HONOLULU (HawaiiNewsNow) - A color mailer showing up in some Hawaii mailboxes offering to turn pets into registered "service dogs" for a fee is a scam, advocates for consumers and the disabled said Monday.
First of all, the government doesn't require service dogs to be registered.
But the Oregon-based company called U.S. Service Dog Registration is trying to get pet owners to pay hundreds of dollars for certificates and identity cards that are worthless, according to consumer protection officials.
"They are basically telling people to violate the law by doing this," said Lou Erteschik, executive director of the Hawaii Disability Rights Center.
He got upset when Hawaii News now showed him a 15-page color glossy brochure that's arriving in Hawaii mailboxes.
The mailer claimed customers can "legally turn" their family pets into service dogs if they pay the company anywhere from $69 to $197, plus $25 extra for rush delivery. In return, customers will receive service dog ID cards and certificates, as well as dog vests and special leashes.
Problem is: there is no state or federal process for certifying service dogs.
"This, to me, creates a backlash and it sets back the disability movement, because these people are obviously fakers and the people who use their service are likely to be fakers," Erteschik said.
Legitimate service dogs help disabled people across Hawaii each day.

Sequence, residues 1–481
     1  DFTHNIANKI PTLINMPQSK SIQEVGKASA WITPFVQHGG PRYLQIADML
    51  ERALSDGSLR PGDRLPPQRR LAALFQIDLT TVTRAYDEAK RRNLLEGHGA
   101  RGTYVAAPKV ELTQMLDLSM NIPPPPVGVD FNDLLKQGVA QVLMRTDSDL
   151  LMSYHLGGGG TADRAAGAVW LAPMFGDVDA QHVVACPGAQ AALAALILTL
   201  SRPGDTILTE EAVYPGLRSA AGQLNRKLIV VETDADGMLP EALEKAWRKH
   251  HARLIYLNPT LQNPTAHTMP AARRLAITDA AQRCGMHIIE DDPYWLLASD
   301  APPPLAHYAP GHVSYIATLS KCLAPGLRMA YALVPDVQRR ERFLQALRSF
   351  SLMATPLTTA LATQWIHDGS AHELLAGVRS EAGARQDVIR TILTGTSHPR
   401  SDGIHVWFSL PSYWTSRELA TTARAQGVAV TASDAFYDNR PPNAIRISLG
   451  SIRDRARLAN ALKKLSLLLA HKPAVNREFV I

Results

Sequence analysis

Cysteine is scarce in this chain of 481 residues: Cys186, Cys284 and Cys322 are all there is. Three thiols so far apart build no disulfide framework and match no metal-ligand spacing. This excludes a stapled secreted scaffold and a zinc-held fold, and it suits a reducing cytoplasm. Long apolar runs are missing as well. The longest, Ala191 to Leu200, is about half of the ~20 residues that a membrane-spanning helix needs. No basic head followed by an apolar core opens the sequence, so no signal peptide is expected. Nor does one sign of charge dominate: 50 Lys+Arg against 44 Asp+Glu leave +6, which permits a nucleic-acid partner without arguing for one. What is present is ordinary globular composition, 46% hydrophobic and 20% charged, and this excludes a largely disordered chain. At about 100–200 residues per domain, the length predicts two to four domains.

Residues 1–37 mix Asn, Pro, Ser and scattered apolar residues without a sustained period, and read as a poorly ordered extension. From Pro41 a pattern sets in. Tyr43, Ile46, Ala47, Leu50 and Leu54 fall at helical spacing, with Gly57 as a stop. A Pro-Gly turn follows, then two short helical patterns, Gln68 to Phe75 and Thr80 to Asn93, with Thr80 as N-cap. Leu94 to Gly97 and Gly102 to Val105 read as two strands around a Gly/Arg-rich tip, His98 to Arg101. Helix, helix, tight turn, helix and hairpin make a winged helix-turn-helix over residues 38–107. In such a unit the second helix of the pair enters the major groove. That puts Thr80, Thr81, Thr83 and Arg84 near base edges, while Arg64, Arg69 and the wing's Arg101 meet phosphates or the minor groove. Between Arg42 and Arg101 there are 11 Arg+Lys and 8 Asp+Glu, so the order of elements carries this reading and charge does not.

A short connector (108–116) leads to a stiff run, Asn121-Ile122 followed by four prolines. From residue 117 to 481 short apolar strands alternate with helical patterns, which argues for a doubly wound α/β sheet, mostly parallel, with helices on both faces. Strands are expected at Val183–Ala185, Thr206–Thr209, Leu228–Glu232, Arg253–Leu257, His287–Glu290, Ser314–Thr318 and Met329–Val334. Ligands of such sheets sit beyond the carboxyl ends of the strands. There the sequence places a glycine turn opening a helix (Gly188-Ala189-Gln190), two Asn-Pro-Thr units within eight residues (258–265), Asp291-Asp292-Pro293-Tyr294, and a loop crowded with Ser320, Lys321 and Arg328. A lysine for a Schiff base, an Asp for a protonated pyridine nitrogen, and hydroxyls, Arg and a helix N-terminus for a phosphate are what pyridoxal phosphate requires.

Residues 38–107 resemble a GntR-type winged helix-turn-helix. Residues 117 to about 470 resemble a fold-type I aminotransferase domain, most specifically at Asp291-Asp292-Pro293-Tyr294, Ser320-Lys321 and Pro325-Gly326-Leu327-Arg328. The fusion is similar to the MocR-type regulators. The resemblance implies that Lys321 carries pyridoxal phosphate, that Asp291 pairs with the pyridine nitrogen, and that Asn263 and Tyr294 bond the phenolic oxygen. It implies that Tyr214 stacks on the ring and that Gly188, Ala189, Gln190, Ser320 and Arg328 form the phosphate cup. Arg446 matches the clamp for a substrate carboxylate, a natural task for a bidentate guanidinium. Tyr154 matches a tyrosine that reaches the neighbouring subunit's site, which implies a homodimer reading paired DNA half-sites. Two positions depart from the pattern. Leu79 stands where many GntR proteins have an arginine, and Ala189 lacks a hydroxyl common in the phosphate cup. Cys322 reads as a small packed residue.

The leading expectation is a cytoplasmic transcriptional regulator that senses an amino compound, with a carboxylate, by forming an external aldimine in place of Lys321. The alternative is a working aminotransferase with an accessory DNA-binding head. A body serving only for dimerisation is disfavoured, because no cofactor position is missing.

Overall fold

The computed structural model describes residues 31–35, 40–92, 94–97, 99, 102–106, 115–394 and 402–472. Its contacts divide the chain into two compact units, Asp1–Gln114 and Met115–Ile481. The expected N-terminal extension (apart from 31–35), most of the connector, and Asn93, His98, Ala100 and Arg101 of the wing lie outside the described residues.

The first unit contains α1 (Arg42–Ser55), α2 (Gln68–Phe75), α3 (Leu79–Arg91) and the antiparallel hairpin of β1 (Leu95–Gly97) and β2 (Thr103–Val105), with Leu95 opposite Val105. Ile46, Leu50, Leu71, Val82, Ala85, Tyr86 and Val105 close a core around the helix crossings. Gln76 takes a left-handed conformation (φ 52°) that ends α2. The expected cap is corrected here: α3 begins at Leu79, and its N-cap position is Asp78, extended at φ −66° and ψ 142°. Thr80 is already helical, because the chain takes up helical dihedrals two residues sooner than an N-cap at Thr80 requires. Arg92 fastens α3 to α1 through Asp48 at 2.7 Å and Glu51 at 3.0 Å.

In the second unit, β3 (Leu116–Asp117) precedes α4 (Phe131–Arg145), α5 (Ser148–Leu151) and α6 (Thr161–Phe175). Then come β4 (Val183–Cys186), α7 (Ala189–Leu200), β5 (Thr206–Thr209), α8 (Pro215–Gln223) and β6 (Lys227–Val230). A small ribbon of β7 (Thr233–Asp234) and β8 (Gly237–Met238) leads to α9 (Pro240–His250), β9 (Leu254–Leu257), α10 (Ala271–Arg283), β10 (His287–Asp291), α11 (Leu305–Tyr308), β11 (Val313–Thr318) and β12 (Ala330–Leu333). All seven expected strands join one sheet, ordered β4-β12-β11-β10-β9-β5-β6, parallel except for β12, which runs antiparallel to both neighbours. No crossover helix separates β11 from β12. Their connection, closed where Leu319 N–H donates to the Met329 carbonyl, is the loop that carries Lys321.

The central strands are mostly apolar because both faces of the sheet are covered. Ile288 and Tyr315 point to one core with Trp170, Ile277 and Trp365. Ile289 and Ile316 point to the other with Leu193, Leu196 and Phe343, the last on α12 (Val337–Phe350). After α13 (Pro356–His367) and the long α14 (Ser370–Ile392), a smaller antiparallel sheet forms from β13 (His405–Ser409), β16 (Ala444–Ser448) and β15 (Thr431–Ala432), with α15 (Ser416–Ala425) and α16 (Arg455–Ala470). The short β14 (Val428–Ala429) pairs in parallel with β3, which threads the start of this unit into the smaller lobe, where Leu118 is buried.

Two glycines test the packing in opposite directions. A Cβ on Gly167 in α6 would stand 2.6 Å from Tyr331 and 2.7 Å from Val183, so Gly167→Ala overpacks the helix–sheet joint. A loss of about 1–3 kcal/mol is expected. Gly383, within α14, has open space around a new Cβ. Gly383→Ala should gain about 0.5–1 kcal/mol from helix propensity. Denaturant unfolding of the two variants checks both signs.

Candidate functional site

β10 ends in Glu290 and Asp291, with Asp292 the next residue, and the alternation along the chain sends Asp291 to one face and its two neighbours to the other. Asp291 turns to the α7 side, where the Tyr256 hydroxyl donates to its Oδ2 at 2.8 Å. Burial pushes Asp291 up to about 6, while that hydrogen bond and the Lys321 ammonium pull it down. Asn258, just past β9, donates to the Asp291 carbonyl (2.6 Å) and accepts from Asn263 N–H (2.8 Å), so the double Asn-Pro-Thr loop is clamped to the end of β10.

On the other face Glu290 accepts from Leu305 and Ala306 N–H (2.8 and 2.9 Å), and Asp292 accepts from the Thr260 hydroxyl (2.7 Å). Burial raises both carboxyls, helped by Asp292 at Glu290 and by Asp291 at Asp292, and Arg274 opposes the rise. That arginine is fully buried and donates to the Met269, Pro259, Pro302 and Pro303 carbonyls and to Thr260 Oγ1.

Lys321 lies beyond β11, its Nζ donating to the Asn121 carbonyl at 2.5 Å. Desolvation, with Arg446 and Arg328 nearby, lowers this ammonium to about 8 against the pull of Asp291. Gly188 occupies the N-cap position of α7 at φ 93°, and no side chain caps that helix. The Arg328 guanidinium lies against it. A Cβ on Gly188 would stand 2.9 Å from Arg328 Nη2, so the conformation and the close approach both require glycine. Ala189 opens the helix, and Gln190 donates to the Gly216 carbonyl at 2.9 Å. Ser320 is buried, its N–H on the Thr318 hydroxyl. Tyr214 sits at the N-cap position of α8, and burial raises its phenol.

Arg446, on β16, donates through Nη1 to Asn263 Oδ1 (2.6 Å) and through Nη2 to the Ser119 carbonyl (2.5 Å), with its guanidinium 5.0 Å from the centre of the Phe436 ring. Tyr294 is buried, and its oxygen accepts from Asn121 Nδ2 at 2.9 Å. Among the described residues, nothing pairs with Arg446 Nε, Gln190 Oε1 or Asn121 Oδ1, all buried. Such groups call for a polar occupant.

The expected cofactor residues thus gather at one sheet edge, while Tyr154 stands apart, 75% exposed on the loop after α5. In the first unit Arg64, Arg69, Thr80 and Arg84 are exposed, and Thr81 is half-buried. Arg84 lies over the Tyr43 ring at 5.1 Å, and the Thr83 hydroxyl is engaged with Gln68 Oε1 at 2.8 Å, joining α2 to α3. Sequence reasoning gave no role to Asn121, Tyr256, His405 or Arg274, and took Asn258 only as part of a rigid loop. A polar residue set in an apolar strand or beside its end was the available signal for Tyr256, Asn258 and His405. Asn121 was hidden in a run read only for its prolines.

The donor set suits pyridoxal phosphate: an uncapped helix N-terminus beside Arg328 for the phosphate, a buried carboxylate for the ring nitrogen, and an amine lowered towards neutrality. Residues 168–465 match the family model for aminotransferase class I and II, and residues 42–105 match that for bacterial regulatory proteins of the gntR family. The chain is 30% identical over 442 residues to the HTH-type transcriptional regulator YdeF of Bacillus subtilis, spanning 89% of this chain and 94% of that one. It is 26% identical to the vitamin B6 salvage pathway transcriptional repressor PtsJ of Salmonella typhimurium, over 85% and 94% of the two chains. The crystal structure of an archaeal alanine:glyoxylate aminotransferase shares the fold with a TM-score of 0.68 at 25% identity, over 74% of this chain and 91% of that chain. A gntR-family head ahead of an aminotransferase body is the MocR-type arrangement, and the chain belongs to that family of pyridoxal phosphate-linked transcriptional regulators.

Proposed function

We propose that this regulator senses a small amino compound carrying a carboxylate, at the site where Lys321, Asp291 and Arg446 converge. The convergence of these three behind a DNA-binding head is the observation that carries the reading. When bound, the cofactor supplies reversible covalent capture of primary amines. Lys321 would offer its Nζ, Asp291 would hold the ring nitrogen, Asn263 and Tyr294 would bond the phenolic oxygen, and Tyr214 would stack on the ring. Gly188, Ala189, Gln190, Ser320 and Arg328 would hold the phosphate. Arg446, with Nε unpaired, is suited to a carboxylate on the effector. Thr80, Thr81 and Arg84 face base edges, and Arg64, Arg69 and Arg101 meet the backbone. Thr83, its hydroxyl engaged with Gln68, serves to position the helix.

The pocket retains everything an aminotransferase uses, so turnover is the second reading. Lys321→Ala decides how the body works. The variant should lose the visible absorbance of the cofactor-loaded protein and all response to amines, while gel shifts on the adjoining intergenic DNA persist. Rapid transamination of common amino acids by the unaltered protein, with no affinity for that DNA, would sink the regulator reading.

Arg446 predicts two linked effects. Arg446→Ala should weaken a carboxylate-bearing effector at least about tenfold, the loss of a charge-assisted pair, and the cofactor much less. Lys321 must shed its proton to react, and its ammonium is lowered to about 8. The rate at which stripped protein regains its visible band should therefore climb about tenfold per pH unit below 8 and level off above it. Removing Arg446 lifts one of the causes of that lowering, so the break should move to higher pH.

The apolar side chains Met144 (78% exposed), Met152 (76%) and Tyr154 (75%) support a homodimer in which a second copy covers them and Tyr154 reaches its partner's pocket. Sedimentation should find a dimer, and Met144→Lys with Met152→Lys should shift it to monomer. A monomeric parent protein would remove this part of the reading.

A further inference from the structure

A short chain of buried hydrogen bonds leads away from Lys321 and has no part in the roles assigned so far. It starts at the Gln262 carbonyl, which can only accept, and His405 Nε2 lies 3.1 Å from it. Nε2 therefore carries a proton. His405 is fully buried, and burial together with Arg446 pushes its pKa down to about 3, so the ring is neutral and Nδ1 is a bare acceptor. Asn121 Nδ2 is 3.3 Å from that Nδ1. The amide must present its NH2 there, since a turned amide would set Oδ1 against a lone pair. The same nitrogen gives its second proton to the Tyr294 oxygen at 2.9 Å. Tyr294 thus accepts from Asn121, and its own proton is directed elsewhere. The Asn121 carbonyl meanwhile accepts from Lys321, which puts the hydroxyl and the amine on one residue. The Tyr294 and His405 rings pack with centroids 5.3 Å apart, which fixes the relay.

But others try to claim that their family dogs are service animals, trying to get them access to public facilities.
"At its core, it's deceptive advertising at the least. At the worst, it's another scam," said Gregory Dunn, president and CEO of the Hawaii Better Business Bureau office known as Hawaii's BBB.
Dunn said his office's research indicates the Oregon-based company behind the brochure has a history of get-rich-quick schemes.
"And it's unfortunate that scams such as this and deceptive marketing lead people to believe that it's OK to represent your family pet as something that it's not," Dunn said.
There are at least 20 companies across the country that falsely claim to give customers service dog certification or registration for a fee, some of them with official sounding names such as Office Service Dog Registry, Certified Service Dog and American Service Dogs, Dunn said. They may sell customers certificates, but the documentation is worthless, Dunn said, since there is no federal or state certification process.
There's a proposal at the legislature to make it a crime for people to fraudulently claim their dog is a service animal.
"People are now being able to get fraudulent badges and certificates saying 'This is an actual service animal to help me with a disability' when there's no such thing, they just want to be able to bring their dog into the restaurants or on the plane or everything else," said Maui State Rep.Angus McKelvey, who chairs the State House consumer protection committee.
McKelvey, who's a dog owner, proposed the bill that would make it a misdemeanor, punishable by up to six months in prison and a $1,000 fine, if someone fakes that they have a service dog.